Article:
I was lucky yesterday to attend, as a complete amateur, a day conference in Welwyn Garden City (where I’d never been) in a 1950s primary school by the innovatory school architects of Hertfordshire County Council who, although in straitened financial times, specified that 0.3 of 1 per cent of the building fund for each school had to be spent on work by a contemporary artist. The artists were straight out of art school and so not too expensive, but some of the work was wonderful.
Here, for instance, are murals by Pat Tew in Templewood School, where we were yesterday.
This is from the very rich blog of the Decorated School project, a network of educationists, art historians, architects and architectural organisations, coordinated by Dr Catherine Burke, a historian of education at Cambridge, and and Dr Jeremy Howard from Art History at the University of St Andrews. See the impressive list of partners on the project blog.
The blog has lots more great images, historical comment and storied of rescues. (Note Little Red Riding Hood at the top of the first page.)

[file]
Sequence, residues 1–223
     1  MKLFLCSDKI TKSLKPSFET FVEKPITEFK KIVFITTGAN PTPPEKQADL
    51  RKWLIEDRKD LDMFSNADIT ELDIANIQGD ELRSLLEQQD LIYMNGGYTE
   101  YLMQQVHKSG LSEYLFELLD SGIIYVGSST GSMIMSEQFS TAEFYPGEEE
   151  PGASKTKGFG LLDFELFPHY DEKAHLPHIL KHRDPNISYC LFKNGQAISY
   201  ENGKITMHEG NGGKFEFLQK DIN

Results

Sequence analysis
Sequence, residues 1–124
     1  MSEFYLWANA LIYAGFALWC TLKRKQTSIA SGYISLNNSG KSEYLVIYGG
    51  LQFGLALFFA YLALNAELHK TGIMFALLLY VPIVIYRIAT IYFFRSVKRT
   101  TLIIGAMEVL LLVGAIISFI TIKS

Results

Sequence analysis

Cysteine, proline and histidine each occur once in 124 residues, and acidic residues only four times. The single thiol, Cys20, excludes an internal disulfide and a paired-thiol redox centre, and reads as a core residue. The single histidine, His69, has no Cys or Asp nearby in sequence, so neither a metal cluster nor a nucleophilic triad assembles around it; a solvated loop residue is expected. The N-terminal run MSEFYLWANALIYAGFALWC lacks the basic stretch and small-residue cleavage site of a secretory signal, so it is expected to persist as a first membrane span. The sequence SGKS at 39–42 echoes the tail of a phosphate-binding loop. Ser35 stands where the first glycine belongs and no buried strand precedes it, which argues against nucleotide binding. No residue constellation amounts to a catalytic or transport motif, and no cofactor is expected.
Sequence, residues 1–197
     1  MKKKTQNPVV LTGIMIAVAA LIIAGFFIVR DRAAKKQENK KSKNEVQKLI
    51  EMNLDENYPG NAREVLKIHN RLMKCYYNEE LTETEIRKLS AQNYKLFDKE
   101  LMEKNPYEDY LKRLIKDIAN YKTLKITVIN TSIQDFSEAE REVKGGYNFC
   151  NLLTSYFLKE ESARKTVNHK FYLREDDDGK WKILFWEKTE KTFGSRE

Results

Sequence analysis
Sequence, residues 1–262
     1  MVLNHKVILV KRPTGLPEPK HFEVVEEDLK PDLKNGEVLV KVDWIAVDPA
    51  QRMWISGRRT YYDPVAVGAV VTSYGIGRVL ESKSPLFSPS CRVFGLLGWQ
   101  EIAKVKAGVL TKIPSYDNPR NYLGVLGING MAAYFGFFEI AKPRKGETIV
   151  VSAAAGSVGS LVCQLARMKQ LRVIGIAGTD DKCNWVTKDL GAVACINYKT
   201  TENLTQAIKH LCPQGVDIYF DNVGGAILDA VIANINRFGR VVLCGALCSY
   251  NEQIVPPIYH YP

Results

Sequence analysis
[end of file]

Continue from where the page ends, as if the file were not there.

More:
It was a great conference because it included one (at least) of the original architects, people who knew Pat Tew and experts of a great variety of kinds, including an American academic, Roy Kozlovsky, who talked about how colour featured in post-war primary schools as symbolic both of the freshness of childhood and of a revolution in education.
Part of the project’s purpose is to discover and save from destruction all the works by artists in schools in England, Scotland and some European countries. Great initiative.
We also learned about the wonderful collection of works similarly purchased by Hertfordshire County Council at the period, which they were trying to catalogue until they were recently sacked.